Having FUN In Leadership

Written by Richard Gorham

”Don't measure your life by your goals, but rather by what you are DOING to achieve them.” –Unknown

One ofrepparttar biggest mistakes leaders make is getting so wrapped up in achieving results, they forget to ensure that people are having fun alongrepparttar 119476 way. Indeed, having fun is a key ingredient of keeping employee morale up, and inspiring people to continue to work aggressively toward a common set of objectives.

We here at Leadership-Tools.com were recently discussingrepparttar 119477 subject of inspirational leadership. Although our discussion took many detours into various subject areas, we found ourselves returning torepparttar 119478 basic concept of - having FUN inrepparttar 119479 workplace.

As a leader, you might be thinking that "FUN" is important, but it cannot be paramount in terms of achieving results.

We challenge you, however, to not just think of having in terms ofrepparttar 119480 "webster" definition.

As a leader, YOU need to define fun, and communicate YOUR definition of fun to your team.

First, let us layrepparttar 119481 foundation with a bit of "FUN - philosophy" as we work toward our own definition of "Leadership Fun inrepparttar 119482 Workplace".

We believe there is a huge difference between highly successful leaders and those leaders who are working incredibly hard, but not quite achievingrepparttar 119483 same level of results. The difference, we believe, is in leadership styles. What do we mean?

The highly successful leader today facilitates, leads by example, encourages and participates with their team members to achieve TEAM results.

Whenrepparttar 119484 entire team feels fully engaged and a part ofrepparttar 119485 process, then every team member takes personal pride in achievingrepparttar 119486 results.

Having FUN alongrepparttar 119487 way supports engagement of each team member. Think about it, being "engaged" is fun.

Ringing Doorbells Without Howitzers

Written by Brent Filson

PERMISSION TO REPUBLISH: This article may be republished in newsletters and on web sites provided attribution is provided torepparttar author, and it appears withrepparttar 119475 included copyright, resource box and live web site link. Email notice of intent to publish is appreciated but not required: mail to: brent@actionleadership.com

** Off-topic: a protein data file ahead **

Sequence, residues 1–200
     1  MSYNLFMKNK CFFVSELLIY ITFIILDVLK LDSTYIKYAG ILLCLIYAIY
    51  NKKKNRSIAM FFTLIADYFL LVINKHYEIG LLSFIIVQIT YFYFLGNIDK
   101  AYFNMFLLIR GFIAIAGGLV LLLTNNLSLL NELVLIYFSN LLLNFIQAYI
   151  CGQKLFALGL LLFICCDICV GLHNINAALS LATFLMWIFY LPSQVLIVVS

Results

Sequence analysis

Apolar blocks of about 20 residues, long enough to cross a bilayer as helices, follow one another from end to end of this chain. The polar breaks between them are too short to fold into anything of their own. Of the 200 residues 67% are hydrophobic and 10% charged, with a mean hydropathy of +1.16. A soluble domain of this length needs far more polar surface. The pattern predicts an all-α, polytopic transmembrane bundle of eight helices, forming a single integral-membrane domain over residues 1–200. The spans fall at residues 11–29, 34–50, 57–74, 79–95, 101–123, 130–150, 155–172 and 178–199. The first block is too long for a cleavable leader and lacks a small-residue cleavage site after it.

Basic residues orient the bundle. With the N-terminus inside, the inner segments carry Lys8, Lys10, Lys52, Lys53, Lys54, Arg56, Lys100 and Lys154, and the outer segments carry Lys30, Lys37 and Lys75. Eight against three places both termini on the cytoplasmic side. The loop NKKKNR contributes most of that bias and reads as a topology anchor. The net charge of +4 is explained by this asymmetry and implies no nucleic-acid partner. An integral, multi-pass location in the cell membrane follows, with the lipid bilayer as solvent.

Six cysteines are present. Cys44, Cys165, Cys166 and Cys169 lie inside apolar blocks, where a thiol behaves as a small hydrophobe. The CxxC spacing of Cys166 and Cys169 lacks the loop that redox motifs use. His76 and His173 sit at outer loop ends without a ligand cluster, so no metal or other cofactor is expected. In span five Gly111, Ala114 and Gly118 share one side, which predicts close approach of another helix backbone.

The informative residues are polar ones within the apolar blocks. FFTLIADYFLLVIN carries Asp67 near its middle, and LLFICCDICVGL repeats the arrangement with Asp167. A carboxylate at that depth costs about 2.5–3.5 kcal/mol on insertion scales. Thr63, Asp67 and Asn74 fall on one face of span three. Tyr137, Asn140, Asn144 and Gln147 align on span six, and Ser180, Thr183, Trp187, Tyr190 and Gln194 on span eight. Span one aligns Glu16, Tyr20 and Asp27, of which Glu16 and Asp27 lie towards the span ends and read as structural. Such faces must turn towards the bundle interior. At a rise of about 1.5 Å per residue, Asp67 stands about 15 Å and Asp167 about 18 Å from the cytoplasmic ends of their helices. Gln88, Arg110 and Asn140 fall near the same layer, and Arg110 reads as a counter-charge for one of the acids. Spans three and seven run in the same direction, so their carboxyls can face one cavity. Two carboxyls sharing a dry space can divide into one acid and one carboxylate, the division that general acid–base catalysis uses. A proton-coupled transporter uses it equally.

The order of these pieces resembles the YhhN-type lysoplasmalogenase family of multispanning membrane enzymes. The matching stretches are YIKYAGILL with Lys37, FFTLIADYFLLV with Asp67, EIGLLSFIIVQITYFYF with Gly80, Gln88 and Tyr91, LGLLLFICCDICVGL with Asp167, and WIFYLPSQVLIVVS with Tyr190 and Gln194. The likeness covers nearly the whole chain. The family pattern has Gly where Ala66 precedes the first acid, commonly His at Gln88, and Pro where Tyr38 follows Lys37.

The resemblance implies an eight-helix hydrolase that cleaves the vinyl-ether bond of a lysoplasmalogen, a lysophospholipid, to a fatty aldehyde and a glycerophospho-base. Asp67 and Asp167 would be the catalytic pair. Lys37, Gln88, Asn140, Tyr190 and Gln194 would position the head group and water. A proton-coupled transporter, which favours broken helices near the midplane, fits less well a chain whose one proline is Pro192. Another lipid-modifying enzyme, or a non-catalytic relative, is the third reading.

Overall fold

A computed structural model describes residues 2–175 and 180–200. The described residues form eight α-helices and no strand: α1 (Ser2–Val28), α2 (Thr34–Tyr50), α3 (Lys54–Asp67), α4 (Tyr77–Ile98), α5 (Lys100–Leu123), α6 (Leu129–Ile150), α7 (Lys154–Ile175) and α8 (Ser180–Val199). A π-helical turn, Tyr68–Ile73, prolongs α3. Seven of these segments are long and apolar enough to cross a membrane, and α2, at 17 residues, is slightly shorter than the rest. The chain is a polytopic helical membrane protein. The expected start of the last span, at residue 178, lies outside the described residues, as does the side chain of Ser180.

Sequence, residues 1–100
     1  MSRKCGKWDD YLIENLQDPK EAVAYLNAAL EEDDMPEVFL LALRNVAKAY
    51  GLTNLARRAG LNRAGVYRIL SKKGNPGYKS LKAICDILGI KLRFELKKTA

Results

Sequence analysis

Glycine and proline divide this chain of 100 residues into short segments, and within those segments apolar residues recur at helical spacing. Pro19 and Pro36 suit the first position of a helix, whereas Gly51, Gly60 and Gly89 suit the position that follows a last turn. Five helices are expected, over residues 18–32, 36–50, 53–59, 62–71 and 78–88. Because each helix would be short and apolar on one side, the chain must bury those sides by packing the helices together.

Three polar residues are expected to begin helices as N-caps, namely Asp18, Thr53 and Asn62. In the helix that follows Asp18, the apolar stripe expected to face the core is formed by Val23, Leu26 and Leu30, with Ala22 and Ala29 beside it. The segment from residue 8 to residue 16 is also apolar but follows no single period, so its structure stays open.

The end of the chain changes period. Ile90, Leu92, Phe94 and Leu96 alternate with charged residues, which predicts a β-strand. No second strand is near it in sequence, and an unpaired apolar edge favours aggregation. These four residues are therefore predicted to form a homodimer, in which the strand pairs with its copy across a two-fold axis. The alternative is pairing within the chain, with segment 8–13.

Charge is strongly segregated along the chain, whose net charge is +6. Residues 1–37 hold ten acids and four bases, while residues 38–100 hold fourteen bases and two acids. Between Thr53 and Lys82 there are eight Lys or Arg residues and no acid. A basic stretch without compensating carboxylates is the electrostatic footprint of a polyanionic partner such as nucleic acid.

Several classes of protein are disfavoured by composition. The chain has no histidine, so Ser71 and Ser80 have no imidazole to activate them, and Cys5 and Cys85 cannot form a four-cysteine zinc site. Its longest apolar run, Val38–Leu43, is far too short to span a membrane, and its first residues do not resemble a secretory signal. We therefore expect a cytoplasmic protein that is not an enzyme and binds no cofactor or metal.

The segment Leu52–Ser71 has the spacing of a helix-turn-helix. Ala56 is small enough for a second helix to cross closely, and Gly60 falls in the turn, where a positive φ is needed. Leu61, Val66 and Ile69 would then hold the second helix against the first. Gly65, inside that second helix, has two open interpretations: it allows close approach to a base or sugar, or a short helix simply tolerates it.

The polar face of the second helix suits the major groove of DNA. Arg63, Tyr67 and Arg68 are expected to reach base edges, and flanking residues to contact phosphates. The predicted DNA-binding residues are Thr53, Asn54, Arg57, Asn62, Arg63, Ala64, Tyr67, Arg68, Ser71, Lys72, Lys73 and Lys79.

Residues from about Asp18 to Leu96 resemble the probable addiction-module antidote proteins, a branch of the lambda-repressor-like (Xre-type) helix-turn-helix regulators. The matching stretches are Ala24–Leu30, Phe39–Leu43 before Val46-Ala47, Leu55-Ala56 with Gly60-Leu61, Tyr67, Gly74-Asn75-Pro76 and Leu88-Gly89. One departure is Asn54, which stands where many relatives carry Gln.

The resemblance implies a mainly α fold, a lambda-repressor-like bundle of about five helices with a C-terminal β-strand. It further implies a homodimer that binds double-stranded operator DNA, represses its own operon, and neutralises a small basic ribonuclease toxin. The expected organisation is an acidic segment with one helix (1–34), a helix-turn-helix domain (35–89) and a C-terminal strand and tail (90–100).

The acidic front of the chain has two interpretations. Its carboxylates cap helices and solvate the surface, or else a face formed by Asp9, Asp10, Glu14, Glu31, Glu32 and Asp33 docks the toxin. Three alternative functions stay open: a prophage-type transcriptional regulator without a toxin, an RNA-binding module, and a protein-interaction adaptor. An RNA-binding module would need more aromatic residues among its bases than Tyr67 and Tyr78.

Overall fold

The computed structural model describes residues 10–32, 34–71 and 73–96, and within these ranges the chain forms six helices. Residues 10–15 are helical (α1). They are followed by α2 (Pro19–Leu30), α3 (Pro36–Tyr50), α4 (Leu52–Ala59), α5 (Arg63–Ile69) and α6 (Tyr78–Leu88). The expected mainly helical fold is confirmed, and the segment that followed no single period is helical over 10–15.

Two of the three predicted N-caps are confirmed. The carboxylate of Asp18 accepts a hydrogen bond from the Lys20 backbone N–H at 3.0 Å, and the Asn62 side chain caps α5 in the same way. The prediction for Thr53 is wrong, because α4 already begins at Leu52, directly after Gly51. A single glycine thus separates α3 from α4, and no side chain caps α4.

Word count: 700 =========================================== Summary: Reducing costs through wholesale layoffs may provide quick hits on balance sheets, but its clumsy blows can disrupt operations. Brent Filson shows operations leaders a surprisingly more effective way to achieve cost reductions as well as enhanced efficiencies. =========================================== Ringing Doorbells Without Howitzers by Brent Filson

Many operations leaders have been there, done that with re-engineering. And they report, in effect, thatrepparttar 119476 process is like ringing a doorbell with a howitzer shell.

Reducing costs through wholesale layoffs ostensibly tied to ultimate results provides quick hits on balance sheets, but its clumsy blows can raise hell with operations.

Operational results can be achieved consistently with precision and power not when people are taken out ofrepparttar 119477 organization but instead put back in.

"Putting people in" doesn't mean adding headcount but instead putting people intorepparttar 119478 mix of vital factors that contribute to operations results — having power with people, not over people.

Just as we're supposed to use only a fraction of our brains' capabilities, so I'm convinced, working with businesses in major industries, that few organizations come close to achieving their potential operational results.

That's because many operations leaders ignore one ofrepparttar 119479 most important aspects of operational effectiveness:repparttar 119480 human heart.

When I speak ofrepparttar 119481 heart, I speak of that intuitive, emotional, feeling aspect of all of us.

No question: It's not just technology and equipment that drives operational success. It's employees. Clearly, they must be skilled and knowledgeable, but they also must be emotionally committed to their work. They must be motivated.

Yet most operational strategies and programs focus on rational not emotional/motivational considerations and so let great opportunities slip away.

To understand how quantum leaps in results can be achieved, far beyond re-engineering's capabilities, let's view operations three big drivers —— cost-reduction, productivity and efficiency — in terms of motivational factors.

Cost-reduction: Operations founder when they fail to achieve continuous cost-reductions. A leader of a world manufacturing organization told me, "One of my most tenacious leadership challenges is motivating employees to never stop getting costs out of our plants and processes."

Lesson: Cost-reduction is a leadership issue. It's an issue in which leaders don't order people to do a job but motivate those people to want to dorepparttar 119482 job. It's inrepparttar 119483 realm of want to that significant cost reductions take place.

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